The Obama administration officials Scheiber describes rejected entitlement program changes that were cuts, but also improvements, unless they were paired with tax increases that had little to do with increasing the government's revenue stream and everything to do with the optics of "shared sacrifice." The Republicans who negotiated with them had no incentive to make liberalism more coherent, candid, or successful, but inadvertently offered them just that opportunity. Their failure reveals that liberals are more interested in painting themselves into an even tighter corner than in finding a way out of it.
Categories > Politics


From Obscure Blogger to Campaign Wordsmith

How to build your resume by blogging: Tim Seibel, who blogged on Santorum the Servant, provides material for Foster Friess's introduction of the GOP aspirant at CPAC today. (See my post here on his original.)  Tim explains the mix of purpose and serendipity that led to his posting.

BTW, Tim comes out of University of Dallas and Claremont Graduate School and currently resides in Colorado Springs.

I knew someone who got a job with then-EEOC Chairman Clarence Thomas by writing letters to the editor of prominent newspapers and articles for the Claremont Review of Books.

Update: And while we're touching on CPAC, note Paul Ryan's speech, which contained this great line: "The only class warfare that threatens America comes from a class of bureaucrats and crony capitalists rising above society - calling the shots, rigging the rules, and securing their places of privilege at our expense." Cf. this NLT post decrying the use of the phrase "class warfare" by Republicans.

Categories > Presidency

Pop Culture

Iowahawk Revisits "Halftime"

It made my day. "Halftime in America"--"Goddammit, somebody get me a throat lozenge."

Update: This one is my favorite (obscenity alert)--Obama does Henry V.

Categories > Pop Culture


Moral Rhetoric

Our old friend Bob Reilly explains the need for a Republican moral rhetoric that can beat Obama's. "Political language is inherently moral, not managerial. It must convey visions, not just plans. It must explain why some things are good and others bad." A moral rhetoric is not a moralizing one, either. And it is essential for survival, too:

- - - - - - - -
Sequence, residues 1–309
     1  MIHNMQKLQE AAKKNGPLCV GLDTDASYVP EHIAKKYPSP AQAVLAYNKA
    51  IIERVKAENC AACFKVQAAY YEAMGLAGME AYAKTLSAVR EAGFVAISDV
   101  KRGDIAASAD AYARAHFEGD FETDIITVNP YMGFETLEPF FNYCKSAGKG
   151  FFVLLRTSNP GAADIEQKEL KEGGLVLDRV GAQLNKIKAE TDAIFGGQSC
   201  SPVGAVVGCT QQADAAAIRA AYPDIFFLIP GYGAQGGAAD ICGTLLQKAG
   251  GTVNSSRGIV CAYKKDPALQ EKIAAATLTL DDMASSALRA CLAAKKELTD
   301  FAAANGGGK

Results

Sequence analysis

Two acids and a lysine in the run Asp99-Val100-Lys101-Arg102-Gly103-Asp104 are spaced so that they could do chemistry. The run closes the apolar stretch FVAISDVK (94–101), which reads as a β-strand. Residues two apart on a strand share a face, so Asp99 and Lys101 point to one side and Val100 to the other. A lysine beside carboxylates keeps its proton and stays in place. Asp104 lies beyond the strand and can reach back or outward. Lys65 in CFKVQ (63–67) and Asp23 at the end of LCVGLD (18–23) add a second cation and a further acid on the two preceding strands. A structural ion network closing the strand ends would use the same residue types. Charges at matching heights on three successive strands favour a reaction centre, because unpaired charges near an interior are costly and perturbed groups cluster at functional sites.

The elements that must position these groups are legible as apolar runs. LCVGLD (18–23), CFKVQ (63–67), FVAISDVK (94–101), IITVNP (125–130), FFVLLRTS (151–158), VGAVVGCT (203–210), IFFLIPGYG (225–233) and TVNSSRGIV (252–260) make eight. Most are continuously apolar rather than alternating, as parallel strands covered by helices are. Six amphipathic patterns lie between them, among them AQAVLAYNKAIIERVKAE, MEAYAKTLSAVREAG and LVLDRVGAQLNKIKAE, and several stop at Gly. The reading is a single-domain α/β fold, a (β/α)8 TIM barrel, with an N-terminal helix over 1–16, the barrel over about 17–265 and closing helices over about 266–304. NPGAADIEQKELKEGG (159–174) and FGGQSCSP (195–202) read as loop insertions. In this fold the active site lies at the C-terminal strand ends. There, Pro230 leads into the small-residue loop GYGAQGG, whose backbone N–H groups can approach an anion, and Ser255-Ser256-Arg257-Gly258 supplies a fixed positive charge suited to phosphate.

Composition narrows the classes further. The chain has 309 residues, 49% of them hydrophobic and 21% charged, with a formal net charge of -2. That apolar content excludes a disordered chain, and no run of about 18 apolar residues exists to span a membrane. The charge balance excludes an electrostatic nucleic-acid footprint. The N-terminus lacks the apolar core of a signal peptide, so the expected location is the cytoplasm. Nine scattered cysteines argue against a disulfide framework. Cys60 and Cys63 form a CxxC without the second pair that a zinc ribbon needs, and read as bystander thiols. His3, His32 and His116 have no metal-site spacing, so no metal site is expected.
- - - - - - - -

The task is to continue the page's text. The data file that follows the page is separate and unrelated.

If you cannot articulate the cause for which you are fighting in moral terms, you will lose. Because they cannot do this, businessmen suffer from a sense of illegitimacy when they come to Washington. When your opponents scent this vulnerability, they go in for the kill.

Categories > Presidency


Desperate Or Confident?

The proposed federal rule that would force religious hospitals and social service agencies to cover contraceptives, abortifacients, and sterilizations strikes me not only as wrong, but as politically interesting. As a matter of policy, President Obama is well on the far side of the pro-choice spectrum.  He is for the legality of partial birth abortion on demand. It was Obama's good luck that the circumstances of the 2008 election worked to prevent an extended review of Obama's abortion position.  The McCain campaign was more interested in identity politics "hockey mom" posturing than in any domestic policy issue that mattered and in any case the financial crisis sucked up all the political oxygen.  As President, Obama has been patient and prudent in how he has advanced his social liberalism.  When he had an overwhelmingly Congress, Obama spent his political capital on getting Obamacare rather than the Freedom of Choice Act.  He has appointed two young liberal Supreme Justices Court Justices and he only needs a second term and a vacancy among any of the five not-consistently-liberal Justices to make a Supreme Court with a decisive and aggressive liberal majority.